OHS Matters: Returning to Work

 

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"My employer has started to make noises about us
gradually returning to work. What are some of the issues
we need to be aware of?"

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Backbone of Our Movement: Can Yalcinkiya

Can Yalcinkaya, NTEU
Rank and file member

How long have you been a union member?

7 years.

Why did you join the union?

I was a long-time casual tutor and I wanted to find out about the NTEU’s plans to address the increasing casualisation in higher education. I also wanted to be part of a movement that is based on solidarity and improving the conditions of workers.

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Analysis: The Capitalists Are Not United

 

The Capitalists Are Not United

 

It is now the end of May and so far, COVID-19 has been cited as the cause of death for about 350,000 people worldwide and has infected about 5.5 million people. The global response to the pandemic has been variable, but most countries have introduced some form of shut down measures, which include social distancing and business closures. The economic fallout has been severe. Many businesses will be wiped out, and some industries will take years to recover.

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Backbone of Our Movement: Pier Moro

 

Piergiorgio (Pier) Moro, Australia Services Union VicTas A&S Workplace delegate and a HSR

 

How long have you been a union member?

I’ve been a member with the ASU for 28 years. I have had shorter stints with other unions.

 

Why did you join the union?

It just seemed the obvious thing to do really. Two major reasons.

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OHS Matters: Working From Home

 

“I am working in administration. I am a casual, now working from home. Does the company I am working for have to provide me with an ergonomic office chair?”

 

Unfortunately, there is nothing specifically in the law that requires an employer to provide the equipment necessary, for someone to work from home. However, under Victoria’s OHS Act (and similar acts in other jurisdictions), the employer DOES have a legal duty to employees (including casual employees) to, so far as is reasonably practicable, provide and maintain a working environment that is safe and without risks to health. This is called the ‘general duty of care’ and applies to everything: the workplace, the equipment, the systems of work, supervision and training, and so on. But it is qualified by ‘so far as is reasonably practicable’.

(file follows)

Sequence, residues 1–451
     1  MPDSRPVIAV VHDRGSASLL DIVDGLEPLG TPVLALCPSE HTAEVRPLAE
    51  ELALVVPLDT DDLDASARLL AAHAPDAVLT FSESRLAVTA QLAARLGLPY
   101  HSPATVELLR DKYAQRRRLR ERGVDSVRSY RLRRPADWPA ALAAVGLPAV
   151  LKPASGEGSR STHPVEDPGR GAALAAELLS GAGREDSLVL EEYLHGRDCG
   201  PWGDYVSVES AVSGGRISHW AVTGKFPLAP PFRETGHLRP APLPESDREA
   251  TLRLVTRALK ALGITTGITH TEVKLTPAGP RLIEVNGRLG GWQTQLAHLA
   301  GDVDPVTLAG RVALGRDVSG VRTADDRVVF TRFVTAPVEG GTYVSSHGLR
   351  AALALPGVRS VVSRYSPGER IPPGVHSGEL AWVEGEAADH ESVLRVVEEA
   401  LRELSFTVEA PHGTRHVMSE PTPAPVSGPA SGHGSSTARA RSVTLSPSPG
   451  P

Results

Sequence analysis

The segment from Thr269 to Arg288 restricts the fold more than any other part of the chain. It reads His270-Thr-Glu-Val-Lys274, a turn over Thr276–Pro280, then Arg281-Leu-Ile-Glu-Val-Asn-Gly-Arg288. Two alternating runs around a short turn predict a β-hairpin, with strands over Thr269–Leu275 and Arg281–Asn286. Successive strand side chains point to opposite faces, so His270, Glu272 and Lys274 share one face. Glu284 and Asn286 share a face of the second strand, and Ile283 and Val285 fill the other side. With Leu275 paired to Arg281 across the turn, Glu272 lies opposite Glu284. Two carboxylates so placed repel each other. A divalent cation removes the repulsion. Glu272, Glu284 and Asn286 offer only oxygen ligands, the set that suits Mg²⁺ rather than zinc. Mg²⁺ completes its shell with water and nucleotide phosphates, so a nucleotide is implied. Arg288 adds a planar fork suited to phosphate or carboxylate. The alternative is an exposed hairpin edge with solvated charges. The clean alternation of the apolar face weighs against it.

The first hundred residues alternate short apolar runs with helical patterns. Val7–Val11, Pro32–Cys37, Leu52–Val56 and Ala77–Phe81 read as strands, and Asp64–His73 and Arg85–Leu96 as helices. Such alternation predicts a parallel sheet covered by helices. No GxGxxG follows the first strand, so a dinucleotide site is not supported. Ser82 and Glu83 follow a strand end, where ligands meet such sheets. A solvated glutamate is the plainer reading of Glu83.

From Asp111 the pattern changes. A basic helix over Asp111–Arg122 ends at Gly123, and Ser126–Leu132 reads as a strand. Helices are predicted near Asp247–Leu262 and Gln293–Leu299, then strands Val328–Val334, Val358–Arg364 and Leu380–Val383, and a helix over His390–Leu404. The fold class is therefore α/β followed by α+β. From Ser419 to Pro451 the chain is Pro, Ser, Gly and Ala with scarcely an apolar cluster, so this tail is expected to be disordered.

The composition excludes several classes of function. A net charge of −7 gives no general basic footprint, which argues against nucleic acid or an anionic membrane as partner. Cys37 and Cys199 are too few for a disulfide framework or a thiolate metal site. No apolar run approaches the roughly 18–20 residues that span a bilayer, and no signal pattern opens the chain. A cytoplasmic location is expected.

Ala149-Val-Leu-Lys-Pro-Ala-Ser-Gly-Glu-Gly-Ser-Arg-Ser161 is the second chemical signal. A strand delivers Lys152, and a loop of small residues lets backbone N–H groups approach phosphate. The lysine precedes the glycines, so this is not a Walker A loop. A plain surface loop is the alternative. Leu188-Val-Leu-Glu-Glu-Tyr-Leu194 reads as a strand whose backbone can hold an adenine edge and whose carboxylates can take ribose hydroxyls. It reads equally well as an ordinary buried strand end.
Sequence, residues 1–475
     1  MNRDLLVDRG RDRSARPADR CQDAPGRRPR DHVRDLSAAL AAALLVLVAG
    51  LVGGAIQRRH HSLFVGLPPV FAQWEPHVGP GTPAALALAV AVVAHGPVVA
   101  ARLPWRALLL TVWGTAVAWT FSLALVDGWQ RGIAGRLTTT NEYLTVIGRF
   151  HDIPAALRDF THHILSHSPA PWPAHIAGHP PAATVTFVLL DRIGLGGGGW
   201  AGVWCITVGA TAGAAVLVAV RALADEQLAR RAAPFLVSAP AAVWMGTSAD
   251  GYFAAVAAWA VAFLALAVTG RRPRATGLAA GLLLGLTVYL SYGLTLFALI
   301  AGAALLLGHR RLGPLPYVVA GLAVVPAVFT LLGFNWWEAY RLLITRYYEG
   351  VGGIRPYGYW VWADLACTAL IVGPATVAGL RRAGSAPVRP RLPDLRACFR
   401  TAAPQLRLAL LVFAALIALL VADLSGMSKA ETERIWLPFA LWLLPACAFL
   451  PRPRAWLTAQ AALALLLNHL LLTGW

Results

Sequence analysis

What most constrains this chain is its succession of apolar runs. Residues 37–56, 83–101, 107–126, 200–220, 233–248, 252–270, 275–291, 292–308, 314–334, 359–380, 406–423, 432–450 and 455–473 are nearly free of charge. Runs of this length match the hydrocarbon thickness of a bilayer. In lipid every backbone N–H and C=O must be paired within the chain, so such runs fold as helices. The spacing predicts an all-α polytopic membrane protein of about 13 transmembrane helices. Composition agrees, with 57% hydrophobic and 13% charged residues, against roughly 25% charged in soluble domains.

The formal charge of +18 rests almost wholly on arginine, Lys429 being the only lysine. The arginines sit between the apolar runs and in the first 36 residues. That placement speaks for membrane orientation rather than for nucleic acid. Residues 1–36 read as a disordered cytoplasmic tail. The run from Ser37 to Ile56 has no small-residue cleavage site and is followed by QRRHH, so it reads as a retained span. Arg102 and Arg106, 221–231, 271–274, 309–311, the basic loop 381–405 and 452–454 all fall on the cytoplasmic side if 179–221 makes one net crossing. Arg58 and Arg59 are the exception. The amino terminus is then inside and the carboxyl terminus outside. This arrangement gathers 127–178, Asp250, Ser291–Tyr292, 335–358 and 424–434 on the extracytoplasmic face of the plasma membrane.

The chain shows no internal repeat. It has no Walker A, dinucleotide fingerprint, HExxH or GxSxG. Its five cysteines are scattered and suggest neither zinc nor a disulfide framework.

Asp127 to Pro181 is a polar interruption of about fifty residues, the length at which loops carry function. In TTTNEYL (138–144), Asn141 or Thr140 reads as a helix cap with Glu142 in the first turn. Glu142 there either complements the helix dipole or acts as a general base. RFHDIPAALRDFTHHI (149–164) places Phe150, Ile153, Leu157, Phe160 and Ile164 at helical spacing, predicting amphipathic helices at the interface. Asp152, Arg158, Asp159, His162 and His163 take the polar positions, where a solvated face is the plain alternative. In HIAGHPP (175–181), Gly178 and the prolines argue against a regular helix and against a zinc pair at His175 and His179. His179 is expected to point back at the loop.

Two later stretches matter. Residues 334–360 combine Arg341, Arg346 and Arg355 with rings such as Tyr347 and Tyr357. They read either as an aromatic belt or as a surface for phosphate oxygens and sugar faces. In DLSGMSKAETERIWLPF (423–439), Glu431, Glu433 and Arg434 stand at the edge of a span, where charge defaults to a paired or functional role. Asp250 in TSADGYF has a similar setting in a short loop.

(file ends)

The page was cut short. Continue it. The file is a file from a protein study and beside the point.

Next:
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Analysis

 

The world is still reeling from the shock and speed of the COVID-19 pandemic, and the social and economic ruin it has brought. Whilst the impact of the pandemic has been uneven, the best outcomes in terms of saving lives have been achieved in those countries which have prioritised communities achieving effective physical distancing to stop the spread of the virus over enabling businesses to make profits. In all countries, the virus has caused considerable economic disruption, and businesses and governments have begun to push to reopen economies and to shift the crisis onto working people. While this push will not necessarily be successful, to effectively resist this move, it is important that we understand the current crisis and the attacks which are likely to be launched against workers.

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